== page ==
Song of Surrender

Saturday, 31 December 2011

Nuanced rendition

By PNV Ram

The first time I heard Ramakrishnan Murthy was at Savita Narasimhan’s home a few years ago. His mentor, she swore by his talent and dedication to his art. “He’s a lad from Irvine, California and sings like an angel,” she had said by way of an introduction. My wife and I listened to this slim, pleasant looking young man sing for a little over an hour, obviously handicapped by a sore throat and temperature. We were impressed by his nuanced pathantara, with several indications that he was influenced by the late KVN and Ramnad Krishnan. I now know that Padma Kutty was an early guru, followed by Delhi Sundararajan.

That first impression was certainly favourable and so were Murthy’s (or Ram’s, going by the way friends address him) pleasant demeanour and quiet confidence. The one question mark was his relative lack of akaaram. Was that a case of imitating his vocal heroes in their later years?

For one reason or another, I kept missing Ram’s concerts in the years after that first listening experience—until last week’s afternoon cutcheri at the Music Academy. It was easily the best of the performances I had attended among the junior vidwans and vidushis this Season. His expansive treatment of Kambhoji (Evari maata, Tyagaraja), the major raga of the afternoon, was fit to be compared with the best renditions of the season. With its fearless exploration of the octaves in manodharma, and razor-sharp sruti suddham, it was a tour de force worthy of a champion singer of the past or present.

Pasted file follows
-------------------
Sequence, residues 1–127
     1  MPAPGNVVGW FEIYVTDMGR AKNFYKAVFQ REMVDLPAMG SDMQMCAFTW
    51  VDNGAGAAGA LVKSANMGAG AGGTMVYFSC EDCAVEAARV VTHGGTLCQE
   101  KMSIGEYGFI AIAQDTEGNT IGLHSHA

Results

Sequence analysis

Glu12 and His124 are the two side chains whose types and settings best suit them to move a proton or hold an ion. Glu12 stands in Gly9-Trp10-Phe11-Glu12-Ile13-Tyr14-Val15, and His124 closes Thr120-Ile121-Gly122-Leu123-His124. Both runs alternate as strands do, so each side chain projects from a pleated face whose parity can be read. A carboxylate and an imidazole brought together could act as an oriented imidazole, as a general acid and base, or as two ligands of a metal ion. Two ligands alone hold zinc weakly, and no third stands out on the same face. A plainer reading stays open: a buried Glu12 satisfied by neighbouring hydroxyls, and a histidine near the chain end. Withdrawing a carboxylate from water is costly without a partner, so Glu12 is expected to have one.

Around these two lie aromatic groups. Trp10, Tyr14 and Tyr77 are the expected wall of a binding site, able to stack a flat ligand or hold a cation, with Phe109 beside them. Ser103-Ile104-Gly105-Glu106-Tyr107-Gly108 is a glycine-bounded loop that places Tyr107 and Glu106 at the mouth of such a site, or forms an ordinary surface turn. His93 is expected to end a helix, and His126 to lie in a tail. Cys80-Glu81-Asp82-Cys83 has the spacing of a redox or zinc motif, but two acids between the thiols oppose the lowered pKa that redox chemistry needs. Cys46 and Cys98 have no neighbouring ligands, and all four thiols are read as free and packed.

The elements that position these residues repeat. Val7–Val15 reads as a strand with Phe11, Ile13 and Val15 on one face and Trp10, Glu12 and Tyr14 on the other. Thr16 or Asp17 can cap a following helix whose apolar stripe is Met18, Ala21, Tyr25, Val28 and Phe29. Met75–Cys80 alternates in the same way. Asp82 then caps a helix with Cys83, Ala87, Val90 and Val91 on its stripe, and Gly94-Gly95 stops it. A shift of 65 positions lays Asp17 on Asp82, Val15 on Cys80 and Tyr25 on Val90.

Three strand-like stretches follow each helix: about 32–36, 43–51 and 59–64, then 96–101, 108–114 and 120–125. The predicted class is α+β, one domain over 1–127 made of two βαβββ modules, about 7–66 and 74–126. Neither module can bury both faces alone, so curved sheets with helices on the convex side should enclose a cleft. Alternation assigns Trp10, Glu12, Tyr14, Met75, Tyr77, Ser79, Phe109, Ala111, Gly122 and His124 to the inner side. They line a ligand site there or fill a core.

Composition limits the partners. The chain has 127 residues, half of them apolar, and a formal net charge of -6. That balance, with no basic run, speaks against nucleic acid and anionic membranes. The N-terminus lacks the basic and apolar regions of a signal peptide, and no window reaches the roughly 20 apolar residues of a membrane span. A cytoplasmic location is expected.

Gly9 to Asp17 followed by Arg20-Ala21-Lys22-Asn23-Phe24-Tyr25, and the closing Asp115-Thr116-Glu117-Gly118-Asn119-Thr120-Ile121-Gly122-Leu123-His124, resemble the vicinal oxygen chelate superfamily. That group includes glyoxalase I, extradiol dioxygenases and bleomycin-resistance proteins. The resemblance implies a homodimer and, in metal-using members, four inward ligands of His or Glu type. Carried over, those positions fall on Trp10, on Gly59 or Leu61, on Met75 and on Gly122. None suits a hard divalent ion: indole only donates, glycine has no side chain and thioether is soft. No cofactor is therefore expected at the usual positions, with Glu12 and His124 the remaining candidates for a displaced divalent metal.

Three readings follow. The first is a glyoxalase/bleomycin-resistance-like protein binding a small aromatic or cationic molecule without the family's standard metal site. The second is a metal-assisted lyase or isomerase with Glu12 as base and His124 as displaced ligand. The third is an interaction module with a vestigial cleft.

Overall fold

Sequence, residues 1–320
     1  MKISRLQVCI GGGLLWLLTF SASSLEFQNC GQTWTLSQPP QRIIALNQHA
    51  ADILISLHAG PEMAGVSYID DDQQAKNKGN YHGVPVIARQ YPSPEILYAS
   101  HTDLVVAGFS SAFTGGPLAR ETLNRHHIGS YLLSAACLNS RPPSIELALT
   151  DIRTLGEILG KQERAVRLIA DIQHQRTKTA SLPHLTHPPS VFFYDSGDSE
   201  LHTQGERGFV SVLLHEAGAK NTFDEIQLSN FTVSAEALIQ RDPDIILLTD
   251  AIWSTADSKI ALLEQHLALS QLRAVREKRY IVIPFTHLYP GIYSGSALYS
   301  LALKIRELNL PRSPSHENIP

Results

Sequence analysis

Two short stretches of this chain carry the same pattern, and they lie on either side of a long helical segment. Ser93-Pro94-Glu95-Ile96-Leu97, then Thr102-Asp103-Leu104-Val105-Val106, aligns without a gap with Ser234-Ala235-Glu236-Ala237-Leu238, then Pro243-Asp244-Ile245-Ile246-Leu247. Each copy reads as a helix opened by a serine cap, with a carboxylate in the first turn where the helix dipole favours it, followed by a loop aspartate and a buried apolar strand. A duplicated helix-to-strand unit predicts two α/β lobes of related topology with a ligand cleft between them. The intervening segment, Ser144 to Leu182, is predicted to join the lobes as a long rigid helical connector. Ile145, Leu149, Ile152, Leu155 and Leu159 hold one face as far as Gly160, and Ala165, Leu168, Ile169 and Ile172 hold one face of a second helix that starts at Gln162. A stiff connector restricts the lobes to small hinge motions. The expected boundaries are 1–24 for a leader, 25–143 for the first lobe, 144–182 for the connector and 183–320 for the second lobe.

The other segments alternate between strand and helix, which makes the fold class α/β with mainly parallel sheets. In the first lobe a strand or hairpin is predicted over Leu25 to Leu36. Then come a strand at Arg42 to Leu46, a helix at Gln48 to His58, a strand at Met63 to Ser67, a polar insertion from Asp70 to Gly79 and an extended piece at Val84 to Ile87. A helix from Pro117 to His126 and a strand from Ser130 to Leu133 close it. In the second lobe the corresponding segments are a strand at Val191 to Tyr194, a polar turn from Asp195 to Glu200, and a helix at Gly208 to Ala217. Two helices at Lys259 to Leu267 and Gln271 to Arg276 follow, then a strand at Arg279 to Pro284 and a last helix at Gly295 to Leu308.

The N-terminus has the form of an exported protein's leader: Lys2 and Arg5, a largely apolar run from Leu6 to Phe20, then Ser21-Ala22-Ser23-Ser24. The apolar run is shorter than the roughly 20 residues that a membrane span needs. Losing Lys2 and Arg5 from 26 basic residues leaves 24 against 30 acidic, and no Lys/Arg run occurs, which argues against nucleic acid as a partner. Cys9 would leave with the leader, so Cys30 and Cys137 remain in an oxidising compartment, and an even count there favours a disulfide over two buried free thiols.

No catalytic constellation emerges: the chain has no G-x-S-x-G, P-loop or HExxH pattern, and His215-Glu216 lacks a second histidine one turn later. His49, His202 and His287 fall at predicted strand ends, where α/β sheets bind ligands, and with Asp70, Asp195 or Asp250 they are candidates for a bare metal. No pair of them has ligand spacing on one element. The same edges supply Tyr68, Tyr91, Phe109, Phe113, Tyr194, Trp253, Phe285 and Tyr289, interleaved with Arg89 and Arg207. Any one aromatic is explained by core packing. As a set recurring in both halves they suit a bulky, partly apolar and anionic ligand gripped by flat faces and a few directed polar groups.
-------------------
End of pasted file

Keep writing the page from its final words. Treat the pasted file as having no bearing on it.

Ramakrishnan Murthy continued his delightful forays into the nooks and corners of ragas in all the subsequent pieces of the concert, especially in the raga Devagandhari, that delicious amalgam of musicality and surrender. He enjoyed excellent support from Rajeev on the violin and Harinarayanan on the mridangam.

And yes, Ramakrishnan seems to have come a long way in his progress in akaaram-oriented singing, especially while rendering kritis. In raga alapana, however, he still needs to convert his half-hearted “ays” into full blown “aahs.” Once he does that, his music will acquire an altogether more commanding dimension. Of course, the small detail of his head remaining firmly attached to his shoulders will go a long way in keeping him on a steady path of ascent.

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